The number of people who were infected by sexually-transmitted infections (STIs) in Waterloo region rose dramatically in 2017 from a year earlier, according to a report recently prepared by Waterloo Public Health.
There were 370 cases of gonorrhea reported in the area in 2017, well above the 234 cases reported in the prior year.
The rates of gonorrhea in the Waterloo rose above provincial averages for the first time in recent years in 2017.
Perhaps unsurprisingly, the highest rates of gonorrhea were reported among 20- to 24-year olds, followed by those between the ages of 25 and 29. Men were generally infected more than women aside from those infected in the 15- to 19-year-old category.
One reason that Waterloo region could be experiencing such a spike in those infected with STDs is the presence of three post-secondary institutions, according to Jesse Johal, manager of sexual health for Waterloo Public Health, said.
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“You’re going to see peaks like this where there is a larger population of people between the ages of 20 and 24,” she explained.
“We usually ask for risk factors as to why (people are infected),” she said. Johal pointed out that common reasons were lack of condom use and multiple partners.
She said that a lot of people are stating that they don’t want to use condoms — a sort of “condom fatigue.”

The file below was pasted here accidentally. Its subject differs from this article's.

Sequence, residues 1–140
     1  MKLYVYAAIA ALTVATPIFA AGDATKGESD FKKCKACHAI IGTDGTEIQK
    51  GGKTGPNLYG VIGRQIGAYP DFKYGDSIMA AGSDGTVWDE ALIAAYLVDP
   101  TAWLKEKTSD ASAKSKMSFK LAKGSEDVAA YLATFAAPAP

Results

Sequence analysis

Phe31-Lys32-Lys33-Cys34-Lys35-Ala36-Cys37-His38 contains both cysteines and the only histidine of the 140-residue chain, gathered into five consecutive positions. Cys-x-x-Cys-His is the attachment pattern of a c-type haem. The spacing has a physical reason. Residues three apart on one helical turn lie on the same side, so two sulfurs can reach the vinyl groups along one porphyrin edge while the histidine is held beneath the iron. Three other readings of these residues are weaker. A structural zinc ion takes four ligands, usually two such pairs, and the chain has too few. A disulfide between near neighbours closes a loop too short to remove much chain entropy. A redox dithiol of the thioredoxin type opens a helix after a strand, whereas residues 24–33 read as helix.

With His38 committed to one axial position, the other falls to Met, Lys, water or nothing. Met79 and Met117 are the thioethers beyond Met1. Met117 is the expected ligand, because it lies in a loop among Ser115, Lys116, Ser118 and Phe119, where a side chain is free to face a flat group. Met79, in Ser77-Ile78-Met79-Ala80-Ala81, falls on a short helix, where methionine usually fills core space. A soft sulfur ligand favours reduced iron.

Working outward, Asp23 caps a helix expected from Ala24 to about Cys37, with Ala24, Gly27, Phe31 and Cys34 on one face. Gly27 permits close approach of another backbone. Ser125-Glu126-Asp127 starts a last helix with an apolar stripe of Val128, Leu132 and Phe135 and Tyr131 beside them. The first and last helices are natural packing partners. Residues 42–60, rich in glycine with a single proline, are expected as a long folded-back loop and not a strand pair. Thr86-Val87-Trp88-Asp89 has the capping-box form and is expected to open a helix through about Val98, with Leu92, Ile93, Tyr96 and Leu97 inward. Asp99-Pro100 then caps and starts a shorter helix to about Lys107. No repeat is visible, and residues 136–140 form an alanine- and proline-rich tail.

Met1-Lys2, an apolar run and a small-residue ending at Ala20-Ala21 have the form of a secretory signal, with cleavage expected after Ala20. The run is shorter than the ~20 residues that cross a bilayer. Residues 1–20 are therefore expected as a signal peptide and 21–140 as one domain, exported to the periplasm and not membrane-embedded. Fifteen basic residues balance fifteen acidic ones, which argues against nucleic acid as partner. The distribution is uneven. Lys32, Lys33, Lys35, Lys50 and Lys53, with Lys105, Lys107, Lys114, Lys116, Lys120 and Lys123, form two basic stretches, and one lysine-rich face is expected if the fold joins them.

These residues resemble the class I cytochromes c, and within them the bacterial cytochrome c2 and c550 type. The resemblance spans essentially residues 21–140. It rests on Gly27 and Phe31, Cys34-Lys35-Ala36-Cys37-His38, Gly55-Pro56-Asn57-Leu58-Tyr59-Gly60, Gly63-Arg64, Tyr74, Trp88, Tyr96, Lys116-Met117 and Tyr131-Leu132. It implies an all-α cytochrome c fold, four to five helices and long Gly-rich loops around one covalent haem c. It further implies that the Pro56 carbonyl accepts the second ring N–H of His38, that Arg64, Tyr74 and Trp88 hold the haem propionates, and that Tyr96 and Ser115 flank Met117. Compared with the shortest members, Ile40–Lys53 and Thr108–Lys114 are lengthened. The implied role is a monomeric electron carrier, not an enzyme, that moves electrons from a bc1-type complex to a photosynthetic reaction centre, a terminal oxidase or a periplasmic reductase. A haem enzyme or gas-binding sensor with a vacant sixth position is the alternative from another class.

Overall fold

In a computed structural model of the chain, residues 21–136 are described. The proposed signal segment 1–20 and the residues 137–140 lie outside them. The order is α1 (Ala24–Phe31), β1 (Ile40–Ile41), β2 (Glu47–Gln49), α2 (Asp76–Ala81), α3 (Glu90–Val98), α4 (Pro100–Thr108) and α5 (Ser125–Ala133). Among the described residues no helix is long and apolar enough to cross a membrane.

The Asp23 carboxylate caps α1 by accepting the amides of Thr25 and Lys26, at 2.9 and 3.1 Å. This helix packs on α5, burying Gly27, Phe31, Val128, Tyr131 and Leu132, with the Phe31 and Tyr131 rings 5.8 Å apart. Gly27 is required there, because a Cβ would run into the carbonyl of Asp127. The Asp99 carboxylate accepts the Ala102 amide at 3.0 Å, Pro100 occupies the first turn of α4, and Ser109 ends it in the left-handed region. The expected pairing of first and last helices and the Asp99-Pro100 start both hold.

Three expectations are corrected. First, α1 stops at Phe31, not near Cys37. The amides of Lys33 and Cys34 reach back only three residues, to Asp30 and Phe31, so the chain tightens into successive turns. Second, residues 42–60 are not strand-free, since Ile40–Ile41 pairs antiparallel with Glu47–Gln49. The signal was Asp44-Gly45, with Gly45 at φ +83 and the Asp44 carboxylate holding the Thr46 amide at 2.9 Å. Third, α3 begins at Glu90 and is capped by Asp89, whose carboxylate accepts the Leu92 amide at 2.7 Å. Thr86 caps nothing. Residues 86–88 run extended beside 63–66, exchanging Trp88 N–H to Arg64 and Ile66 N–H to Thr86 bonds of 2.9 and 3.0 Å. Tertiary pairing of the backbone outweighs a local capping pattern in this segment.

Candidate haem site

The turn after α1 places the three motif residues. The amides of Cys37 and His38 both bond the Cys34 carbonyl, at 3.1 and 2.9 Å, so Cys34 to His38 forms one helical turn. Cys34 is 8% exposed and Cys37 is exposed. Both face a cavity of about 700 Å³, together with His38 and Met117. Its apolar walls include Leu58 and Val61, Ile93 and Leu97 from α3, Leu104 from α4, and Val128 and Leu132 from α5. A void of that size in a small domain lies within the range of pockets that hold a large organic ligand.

Johal said that while many people aren’t worried because the infections are treatable, there “have been cases globally which have been resistant to the anti-virus.”
The rates of chlamydia have been rising across the region and province for over a decade and that trend continued in 2017.
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There were 1,760 cases reported in 2017 compared with 1,583 cases reported in 2016. The rates reported in Waterloo region fall below the rates reported through the province.
Similar to gonorrhea, the group most affected by chlamydia were those between the ages of 20 and 24. Unlike gonorrhea, this was followed by 15- to 19-year-olds and more women were infected than men.
Johal said Waterloo, along with the local universities and college, are currently investigating the reasons why the numbers are on the rise before they formulate a plan to combat the issue.
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“We’re looking to better understand the youth so we can come up with a better solution,” she explained, noting that there have not been proper discussions with the post-high school population to understand their attitudes toward unprotected sex.
“We have not really spoken to this group to find out why they are not using condoms or having unprotected sex,” she explained.
Johal said she has talked with counterparts in other regions about the issue and has been keeping an eye on various studies on STIs, but the most important component to solving the problem is people.